CITY HALL — Campaign season officially kicked off this week in Santa Monica as those interested in running for public office are now allowed to start asking registered voters for the 100 signatures needed to qualify for November’s ballot.
The fall election is expected to draw considerable interest given that five of the seven City Council seats are in play, a school board member will not seek re-election and three incumbents on the Rent Control Board will either be termed out, are stepping down or are running for City Council. Incumbents have traditionally been hard to defeat in local elections.
There will also most likely be a measure on the ballot calling for an increase in the city’s sales tax to help shore up City Hall’s coffers and pay for public education. (The City Council was expected to place the sales tax measure on the November ballot on Tuesday night, but the decision was not made before presstime.)
City Clerk Maria Stewart held two information sessions Monday for prospective candidates, giving the hopefuls a chance to ask questions about filing deadlines, fundraising and establishing campaign committees, as well as pick up the all-important nomination papers. Around 20 people attended the sessions, Stewart said, and there were some very familiar faces, along with those contemplating their first run.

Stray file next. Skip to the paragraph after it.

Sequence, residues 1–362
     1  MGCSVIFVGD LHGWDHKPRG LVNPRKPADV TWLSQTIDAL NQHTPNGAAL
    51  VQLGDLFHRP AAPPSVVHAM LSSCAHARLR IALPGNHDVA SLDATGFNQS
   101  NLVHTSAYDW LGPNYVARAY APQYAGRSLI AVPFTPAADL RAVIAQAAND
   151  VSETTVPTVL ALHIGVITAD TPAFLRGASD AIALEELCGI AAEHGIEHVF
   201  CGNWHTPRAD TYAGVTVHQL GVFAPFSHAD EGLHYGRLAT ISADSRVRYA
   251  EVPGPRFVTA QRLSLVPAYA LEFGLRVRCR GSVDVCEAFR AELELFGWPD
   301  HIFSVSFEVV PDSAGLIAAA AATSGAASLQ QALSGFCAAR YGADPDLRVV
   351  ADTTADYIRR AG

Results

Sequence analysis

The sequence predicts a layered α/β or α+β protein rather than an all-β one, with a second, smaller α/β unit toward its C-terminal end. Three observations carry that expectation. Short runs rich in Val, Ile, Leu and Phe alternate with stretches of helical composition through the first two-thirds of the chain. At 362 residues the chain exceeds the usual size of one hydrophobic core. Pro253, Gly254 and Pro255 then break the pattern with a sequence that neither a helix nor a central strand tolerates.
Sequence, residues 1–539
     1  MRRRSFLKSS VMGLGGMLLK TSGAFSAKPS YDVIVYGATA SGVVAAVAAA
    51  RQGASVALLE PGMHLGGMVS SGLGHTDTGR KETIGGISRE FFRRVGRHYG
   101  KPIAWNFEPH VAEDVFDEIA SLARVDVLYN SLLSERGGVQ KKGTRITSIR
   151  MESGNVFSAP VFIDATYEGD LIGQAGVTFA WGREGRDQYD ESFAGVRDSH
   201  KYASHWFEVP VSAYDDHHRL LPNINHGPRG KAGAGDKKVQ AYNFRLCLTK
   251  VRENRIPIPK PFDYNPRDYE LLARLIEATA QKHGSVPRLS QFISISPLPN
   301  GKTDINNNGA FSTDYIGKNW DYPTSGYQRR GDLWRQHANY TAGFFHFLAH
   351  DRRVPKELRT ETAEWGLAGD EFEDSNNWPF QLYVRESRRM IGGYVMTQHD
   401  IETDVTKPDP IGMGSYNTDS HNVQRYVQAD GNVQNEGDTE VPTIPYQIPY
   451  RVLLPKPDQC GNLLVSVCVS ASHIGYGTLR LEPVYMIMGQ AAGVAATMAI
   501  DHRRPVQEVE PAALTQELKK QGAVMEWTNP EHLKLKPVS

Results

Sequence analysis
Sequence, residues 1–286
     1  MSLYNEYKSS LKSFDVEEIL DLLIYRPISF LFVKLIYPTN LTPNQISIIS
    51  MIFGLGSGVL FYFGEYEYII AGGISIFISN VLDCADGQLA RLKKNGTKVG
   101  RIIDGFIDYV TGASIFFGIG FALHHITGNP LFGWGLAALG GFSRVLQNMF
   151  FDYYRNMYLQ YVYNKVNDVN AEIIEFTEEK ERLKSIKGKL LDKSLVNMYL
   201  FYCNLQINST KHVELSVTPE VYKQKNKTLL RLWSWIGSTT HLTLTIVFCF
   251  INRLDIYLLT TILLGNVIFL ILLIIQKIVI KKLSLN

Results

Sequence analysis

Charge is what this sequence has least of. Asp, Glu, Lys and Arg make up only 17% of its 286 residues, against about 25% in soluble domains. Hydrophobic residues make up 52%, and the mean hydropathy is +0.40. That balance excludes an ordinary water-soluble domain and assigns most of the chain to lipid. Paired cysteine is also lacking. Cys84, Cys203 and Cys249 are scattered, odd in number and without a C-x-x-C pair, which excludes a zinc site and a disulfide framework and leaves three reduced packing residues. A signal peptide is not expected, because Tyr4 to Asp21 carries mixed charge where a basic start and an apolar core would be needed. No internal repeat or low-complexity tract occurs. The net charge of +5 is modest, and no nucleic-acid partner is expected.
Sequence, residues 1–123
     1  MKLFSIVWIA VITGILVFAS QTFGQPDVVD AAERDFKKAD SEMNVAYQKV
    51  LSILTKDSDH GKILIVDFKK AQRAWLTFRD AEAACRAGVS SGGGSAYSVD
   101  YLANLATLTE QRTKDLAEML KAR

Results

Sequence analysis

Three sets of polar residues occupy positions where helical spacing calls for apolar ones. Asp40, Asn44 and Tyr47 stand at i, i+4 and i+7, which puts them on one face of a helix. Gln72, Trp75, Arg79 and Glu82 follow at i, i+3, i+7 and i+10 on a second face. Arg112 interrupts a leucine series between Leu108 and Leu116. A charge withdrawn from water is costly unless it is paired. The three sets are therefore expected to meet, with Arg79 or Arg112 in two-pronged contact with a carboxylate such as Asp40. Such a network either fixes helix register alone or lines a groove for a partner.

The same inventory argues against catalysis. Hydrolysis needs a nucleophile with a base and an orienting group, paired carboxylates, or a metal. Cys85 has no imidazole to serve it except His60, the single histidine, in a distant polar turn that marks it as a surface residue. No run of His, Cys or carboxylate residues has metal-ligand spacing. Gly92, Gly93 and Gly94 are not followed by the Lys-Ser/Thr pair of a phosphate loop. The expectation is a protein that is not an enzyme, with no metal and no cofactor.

One of those new to the process is Patrick Cady, a fixture at Santa Monica High School who retired in 2008 but still coaches track and field. Cady, 63, is a Malibu resident and a former teacher of 38 years, both of which could give him an edge in the school board race, which features four seats in play. The school board currently does not have a member from Malibu, nor any teachers.
“I just think we can do a better job of supporting students and teachers,” Cady said. “I think we can do a better job of creating an equitable distribution of funds to educate our kids.”
Cady said he wants to bridge the divide that some parents in Malibu feel exists between them and the district, which is headquartered in Santa Monica.
Prospective candidates have until Aug. 6 to submit their nomination papers, while incumbents running for re-election are eligible for an extension of the deadline to Aug. 11, Stewart said.